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Freedom fears over EU’s green pass

feature elias main official eu view on its digital covid certificate
Doubts over the EU’s insistence that the Digital Covid Certificate will protect everyone’s rights over their data


Activists in Cyprus are joining an EU-wide effort lobbying MEPs to vote against a regulation introducing the bloc’s proposal for a Digital Covid Certificate (DGC), coming up for a second reading in the European Parliament starting tomorrow.

Despite denials by the European Commission that the DGC, better known as a green pass, amounts to a ‘vaccine passport’, many feel that it does, and as such constitutes a form of coercion.

By an overwhelming majority, MEPs voted on the European Parliament’s position on April 29 and swiftly started negotiations with the European Council on May 3. An informal agreement was reached on May 20. The Parliament as a whole and the member states now need to formally approve the regulation for it to come into use as of July 1.

For activists wary of these plans, it’s a race against time as the proposed regulation has already cleared the first hurdle in the European Parliament.

The Sunday Mail spoke to two such local campaigners. On June 1, Linda Leblanc – a councilwoman in Peyia – sent on behalf of the World Freedom Alliance (WFA) a second ‘Notice of Liability’ to President Nicos Anastasiades and Health Minister Constantinos Ioannou. The notices were received.

news conference on the provisional political agreement on the eu digital covid certificate in brussels
European Commissioner for Justice Didier Reynders speaks after the provisional political agreement on the EU Digital Covid Certificate at the European Commission on May 21

The WFA is a worldwide platform which according to its website aims to “promote Freedom in all its forms Worldwide and to unite people around the world, and to provide information and share best practice between countries”.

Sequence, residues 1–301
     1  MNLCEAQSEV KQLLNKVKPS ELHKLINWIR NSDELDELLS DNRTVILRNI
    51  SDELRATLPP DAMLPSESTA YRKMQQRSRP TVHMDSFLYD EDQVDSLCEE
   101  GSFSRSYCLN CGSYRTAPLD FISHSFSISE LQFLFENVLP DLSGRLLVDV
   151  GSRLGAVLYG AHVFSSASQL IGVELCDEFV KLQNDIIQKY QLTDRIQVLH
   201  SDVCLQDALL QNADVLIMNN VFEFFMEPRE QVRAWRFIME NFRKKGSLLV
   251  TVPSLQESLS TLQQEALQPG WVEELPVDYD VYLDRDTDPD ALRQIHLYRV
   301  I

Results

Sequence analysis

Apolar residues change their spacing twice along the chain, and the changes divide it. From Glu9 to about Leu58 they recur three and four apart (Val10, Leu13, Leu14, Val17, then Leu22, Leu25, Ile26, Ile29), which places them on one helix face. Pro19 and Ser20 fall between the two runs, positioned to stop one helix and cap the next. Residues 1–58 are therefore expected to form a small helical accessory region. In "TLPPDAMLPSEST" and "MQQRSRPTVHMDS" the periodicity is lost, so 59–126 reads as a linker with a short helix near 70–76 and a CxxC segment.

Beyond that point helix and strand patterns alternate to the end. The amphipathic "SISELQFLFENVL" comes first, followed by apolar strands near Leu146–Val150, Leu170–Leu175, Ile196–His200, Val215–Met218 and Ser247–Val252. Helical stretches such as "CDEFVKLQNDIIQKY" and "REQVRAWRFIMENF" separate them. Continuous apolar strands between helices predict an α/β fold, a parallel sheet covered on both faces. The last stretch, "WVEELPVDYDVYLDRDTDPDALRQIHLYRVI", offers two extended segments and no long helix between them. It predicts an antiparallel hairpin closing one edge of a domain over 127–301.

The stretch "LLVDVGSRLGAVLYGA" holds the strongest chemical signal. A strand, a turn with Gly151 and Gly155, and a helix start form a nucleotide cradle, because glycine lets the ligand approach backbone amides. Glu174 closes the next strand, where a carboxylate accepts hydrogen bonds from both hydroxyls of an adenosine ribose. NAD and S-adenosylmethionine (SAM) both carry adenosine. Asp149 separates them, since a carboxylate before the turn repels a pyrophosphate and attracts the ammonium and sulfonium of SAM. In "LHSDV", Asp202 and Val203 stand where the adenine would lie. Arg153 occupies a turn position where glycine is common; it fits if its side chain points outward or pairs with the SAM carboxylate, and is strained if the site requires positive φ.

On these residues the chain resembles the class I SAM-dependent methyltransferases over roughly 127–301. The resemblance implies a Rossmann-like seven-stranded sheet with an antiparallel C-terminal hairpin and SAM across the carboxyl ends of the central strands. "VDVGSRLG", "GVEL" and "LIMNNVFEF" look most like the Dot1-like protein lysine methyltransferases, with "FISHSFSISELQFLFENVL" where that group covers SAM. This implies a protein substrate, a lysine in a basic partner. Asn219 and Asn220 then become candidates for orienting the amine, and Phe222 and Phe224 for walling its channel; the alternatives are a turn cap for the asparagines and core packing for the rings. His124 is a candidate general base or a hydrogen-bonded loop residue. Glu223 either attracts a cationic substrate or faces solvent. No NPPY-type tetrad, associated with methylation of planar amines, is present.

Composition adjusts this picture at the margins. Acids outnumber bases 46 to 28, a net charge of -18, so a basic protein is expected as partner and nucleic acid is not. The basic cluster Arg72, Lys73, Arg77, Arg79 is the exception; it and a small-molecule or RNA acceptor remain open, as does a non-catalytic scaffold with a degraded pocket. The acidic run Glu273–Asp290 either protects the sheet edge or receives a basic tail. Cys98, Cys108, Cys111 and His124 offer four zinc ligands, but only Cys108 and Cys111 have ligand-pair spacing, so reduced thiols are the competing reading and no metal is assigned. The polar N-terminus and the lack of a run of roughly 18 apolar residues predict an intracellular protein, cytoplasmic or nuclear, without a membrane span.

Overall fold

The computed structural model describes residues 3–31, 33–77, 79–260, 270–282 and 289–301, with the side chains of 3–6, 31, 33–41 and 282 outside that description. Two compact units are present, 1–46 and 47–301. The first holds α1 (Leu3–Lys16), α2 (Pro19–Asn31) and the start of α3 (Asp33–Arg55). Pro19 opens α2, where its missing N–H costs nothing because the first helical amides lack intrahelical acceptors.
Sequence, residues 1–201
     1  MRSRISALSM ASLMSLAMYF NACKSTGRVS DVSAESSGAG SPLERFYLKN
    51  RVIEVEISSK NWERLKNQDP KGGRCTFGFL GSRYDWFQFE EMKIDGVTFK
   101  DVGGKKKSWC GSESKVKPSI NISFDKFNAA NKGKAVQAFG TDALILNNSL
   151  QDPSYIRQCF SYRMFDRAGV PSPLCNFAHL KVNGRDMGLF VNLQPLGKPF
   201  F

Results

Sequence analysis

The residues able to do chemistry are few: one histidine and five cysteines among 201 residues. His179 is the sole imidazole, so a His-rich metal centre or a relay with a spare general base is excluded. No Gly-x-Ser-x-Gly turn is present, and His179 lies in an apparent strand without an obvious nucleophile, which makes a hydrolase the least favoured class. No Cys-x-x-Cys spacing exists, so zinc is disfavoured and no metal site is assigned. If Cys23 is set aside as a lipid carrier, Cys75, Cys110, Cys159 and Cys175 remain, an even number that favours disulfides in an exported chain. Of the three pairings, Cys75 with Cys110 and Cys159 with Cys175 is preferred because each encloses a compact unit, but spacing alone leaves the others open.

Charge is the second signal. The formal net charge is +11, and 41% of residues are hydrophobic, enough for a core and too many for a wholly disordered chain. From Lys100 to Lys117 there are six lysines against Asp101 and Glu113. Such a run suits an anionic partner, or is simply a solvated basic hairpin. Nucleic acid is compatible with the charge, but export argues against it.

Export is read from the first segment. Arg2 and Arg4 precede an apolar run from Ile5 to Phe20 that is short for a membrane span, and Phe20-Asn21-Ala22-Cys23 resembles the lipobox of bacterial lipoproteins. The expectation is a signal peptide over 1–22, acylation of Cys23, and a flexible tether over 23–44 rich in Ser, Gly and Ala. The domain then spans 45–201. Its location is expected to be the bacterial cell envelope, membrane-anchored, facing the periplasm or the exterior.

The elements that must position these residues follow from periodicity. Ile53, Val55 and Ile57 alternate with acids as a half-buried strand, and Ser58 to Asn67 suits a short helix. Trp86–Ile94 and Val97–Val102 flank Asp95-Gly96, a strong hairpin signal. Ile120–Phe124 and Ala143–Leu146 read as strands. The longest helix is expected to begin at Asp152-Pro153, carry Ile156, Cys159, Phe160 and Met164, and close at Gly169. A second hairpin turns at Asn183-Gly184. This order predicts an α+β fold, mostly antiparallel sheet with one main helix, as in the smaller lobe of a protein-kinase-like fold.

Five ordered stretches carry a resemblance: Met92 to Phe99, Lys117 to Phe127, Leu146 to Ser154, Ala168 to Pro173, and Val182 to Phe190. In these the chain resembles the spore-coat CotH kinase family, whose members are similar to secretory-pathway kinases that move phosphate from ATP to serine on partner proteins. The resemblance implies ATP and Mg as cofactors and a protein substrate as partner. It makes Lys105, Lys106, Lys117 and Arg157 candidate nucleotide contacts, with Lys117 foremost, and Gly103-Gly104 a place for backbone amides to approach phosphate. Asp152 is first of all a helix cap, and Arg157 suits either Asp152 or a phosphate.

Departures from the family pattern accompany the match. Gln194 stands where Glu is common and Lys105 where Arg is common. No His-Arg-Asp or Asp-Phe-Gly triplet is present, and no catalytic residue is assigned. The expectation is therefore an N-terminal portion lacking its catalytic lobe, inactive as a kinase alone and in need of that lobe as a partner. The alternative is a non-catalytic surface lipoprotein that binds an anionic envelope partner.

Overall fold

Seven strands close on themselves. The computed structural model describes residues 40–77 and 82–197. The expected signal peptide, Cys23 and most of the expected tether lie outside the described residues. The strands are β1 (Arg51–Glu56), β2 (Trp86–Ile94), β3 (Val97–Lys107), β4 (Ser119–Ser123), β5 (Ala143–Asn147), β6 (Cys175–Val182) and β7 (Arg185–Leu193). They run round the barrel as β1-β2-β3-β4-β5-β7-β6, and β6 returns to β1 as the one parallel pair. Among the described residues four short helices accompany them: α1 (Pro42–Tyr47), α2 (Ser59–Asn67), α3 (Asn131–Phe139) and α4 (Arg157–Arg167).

The notice of liability, signed by Leblanc herself, advises the president and the health minister that:

“This legal and lawful notice of liability is designed to be used as evidence in court if needed and intends to enlighten you and protect you from attracting civil and criminal liability in relation to your action and all omissions in relation to the alleged Sars-CoV2 (alleged) pandemic and the measures that have/are being taken worldwide to allegedly control its spread and effect:”

It demands from the subpoenees that they must provide evidence which includes: Sars-CoV2 has been successfully isolated; vaccines have been thoroughly tested, to ensure safety to all recipients; vaccines protect from Sars-CoV2 infection, and vaccinations are not causing more harm than good.

Effectively, it puts the government on notice to immediately withdraw “all Sars-CoV2 injections/vaccines…and all Sars-CoV2 injection/vaccination programmes are immediately terminated, that no future Sars-CoV2 or other such sinister vaccination programmes will be entertained or created by the government of the Republic of Cyprus.”

Should the president and health minister comply, “we will immediately withdraw from, terminate and not pursue, any litigation against you.”

Unless the subpoenees respond in two weeks, the WFA reserves the right to initiate litigation.

It’s understood that the WFA liaise with Reiner Fuellmich, a German jurist who co-launched the ‘German Corona Extra-Parliamentary Inquiry Committee’.

A government Covid watchdog of sorts (, the committee has to date summoned several expert witnesses, including scientists, to testify on the record. Their Youtube channel is called ‘2020news.’

But the WFA is just one of the tracks Leblanc is working on.

Another is the EU Citizen’s Initiative, using the new system of the EU Commission. A petition has been accepted and published, and aims to bring to the attention of the EU Parliament the infringements of fundamental rights and freedoms during the corona crisis.

The petition asks the EU Parliament to immediately organise a “Parliamentary investigation commission that should rely on an independent committee of international experts to look into the scientific basis for decisions by authorities (testing, treatment, vaccination, reliability of figures of ‘infected’ and covid-related deaths, use of masks, closing of school and religious institutions, lockdowns etc), as well as into the decision-making process.”

Leblanc drafted and filed the petition specifically for Cyprus. Fuellmich’s Germany-based organisation also cooperate with the EU Citizen’s Initiative.

But at this time, Leblanc’s thrust centres on the EU’s DGC.

“The speed at which this is being bulldozed through is staggering,” she tells the Sunday Mail.